Spreadsheet Software as a Teaching and Learning Tool: Perspectives from an Undergraduate Financial Modelling Subject
James Cook University, Townsville
Technology based teaching of accounting curriculum is widely researched by accounting educators. This paper reports the findings of the use of computers and Microsoft Excel spreadsheet program as a means to reflect on, and to enhance prior learning, of financial accounting, managerial accounting and finance concepts and problems, through a financial modelling subject, in an undergraduate program in an Australian regional university. Data were collected from the researched university's formal feedback systems, Student Feedback on Subjects (SFS), and archived course materials, over a three year period (2003-2005). Using pattern matching approach (Yin, 2003), data were analyzed for making generalizations about the effectiveness of spreadsheet software usage as a pedagogical and educational tool. The study finds that spreadsheet based teaching and learning equip students with computer literacy, and spreadsheet application skills in the areas of management accounting and finance. The study also finds that the students with a few years of work experience outperform the students without any work experience, and appreciation of the course among the students without work experience is lower than their counterpart with five years of work experience. The study has implications for accounting educators, in that difficult to learn accounting and finance concepts can be taught using a spreadsheet based modelling subject; this can provide significant insight into the relationships among numerous variables, which are difficult to manipulate and solve manually, in a traditional chalk and talk teaching environment.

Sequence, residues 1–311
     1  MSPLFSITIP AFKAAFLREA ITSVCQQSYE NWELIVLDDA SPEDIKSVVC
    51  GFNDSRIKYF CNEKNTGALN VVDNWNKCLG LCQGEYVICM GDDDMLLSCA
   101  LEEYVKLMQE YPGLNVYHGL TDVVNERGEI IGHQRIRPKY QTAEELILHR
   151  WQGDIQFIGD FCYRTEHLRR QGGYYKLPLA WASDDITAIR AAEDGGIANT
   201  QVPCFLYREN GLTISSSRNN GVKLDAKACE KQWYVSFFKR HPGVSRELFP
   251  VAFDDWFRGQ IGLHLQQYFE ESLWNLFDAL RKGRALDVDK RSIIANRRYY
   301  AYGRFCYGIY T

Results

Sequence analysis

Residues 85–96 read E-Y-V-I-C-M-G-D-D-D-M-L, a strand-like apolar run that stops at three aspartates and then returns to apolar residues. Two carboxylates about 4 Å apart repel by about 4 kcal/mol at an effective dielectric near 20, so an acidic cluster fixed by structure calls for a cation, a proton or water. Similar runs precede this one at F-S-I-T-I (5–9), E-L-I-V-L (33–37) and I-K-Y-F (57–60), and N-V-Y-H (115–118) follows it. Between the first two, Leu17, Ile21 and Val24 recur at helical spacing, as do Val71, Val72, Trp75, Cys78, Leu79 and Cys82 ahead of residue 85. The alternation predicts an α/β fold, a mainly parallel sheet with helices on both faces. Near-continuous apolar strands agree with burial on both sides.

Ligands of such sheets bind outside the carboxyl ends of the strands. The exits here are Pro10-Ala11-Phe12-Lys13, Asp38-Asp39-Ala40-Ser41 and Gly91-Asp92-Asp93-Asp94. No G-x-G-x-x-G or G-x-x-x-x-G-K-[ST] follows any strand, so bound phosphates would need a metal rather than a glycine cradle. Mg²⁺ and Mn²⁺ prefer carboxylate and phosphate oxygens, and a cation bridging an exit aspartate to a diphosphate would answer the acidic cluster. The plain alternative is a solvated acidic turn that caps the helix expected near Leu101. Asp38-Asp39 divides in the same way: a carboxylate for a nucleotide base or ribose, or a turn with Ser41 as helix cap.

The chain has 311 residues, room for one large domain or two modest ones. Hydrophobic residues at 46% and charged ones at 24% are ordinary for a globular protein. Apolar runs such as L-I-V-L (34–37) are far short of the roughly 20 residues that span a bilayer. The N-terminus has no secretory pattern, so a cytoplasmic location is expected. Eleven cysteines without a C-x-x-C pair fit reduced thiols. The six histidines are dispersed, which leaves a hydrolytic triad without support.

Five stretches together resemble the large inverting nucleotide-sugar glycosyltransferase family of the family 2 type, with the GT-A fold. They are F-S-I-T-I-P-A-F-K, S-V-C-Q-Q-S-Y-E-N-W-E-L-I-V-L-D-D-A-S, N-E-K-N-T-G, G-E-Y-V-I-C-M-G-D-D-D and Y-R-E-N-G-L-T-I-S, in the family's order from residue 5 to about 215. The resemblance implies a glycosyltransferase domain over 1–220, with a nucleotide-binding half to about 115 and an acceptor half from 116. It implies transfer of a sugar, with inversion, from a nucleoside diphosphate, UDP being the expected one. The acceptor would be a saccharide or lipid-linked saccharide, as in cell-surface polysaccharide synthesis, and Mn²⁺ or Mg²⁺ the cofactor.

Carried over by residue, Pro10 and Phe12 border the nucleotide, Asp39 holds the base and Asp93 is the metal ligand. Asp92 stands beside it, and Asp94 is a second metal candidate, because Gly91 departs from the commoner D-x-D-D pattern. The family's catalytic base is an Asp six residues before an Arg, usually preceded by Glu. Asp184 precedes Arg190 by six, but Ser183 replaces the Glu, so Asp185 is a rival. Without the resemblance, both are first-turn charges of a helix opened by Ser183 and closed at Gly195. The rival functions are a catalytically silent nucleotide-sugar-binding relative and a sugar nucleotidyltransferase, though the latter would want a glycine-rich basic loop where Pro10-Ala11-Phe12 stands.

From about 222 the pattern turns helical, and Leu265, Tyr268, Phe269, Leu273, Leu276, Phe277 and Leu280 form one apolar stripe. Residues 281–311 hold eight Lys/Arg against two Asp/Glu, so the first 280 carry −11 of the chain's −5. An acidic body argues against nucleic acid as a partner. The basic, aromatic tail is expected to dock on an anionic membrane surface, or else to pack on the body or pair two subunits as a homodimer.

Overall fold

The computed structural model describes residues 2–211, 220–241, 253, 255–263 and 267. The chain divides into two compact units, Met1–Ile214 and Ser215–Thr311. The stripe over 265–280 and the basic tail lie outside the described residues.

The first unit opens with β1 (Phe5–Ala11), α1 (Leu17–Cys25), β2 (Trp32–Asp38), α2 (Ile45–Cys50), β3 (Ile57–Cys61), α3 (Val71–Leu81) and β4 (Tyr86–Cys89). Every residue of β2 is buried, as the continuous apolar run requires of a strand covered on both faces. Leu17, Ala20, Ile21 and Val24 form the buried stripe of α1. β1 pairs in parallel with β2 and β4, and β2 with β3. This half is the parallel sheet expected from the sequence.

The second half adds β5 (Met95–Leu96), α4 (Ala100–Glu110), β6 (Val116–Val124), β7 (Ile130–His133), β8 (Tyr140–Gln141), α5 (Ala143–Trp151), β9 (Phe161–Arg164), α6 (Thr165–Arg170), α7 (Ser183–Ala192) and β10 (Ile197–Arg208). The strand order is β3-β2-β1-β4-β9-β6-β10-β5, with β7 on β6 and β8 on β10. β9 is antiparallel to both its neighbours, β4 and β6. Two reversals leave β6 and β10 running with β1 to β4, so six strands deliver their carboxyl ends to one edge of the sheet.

Number of Pages in PDF File: 16
Keywords: Microsoft Excel, Cognitive Thinking, Constructivism, Financial Models, Accounting Education
JEL Classification: M40, M41, M53, L86, I20, G39working papers series
Date posted: March 12, 2008 ; Last revised: November 7, 2014
© 2014 Social Science Electronic Publishing, Inc. All Rights Reserved.
This page was processed by apollo1 in 0.360 seconds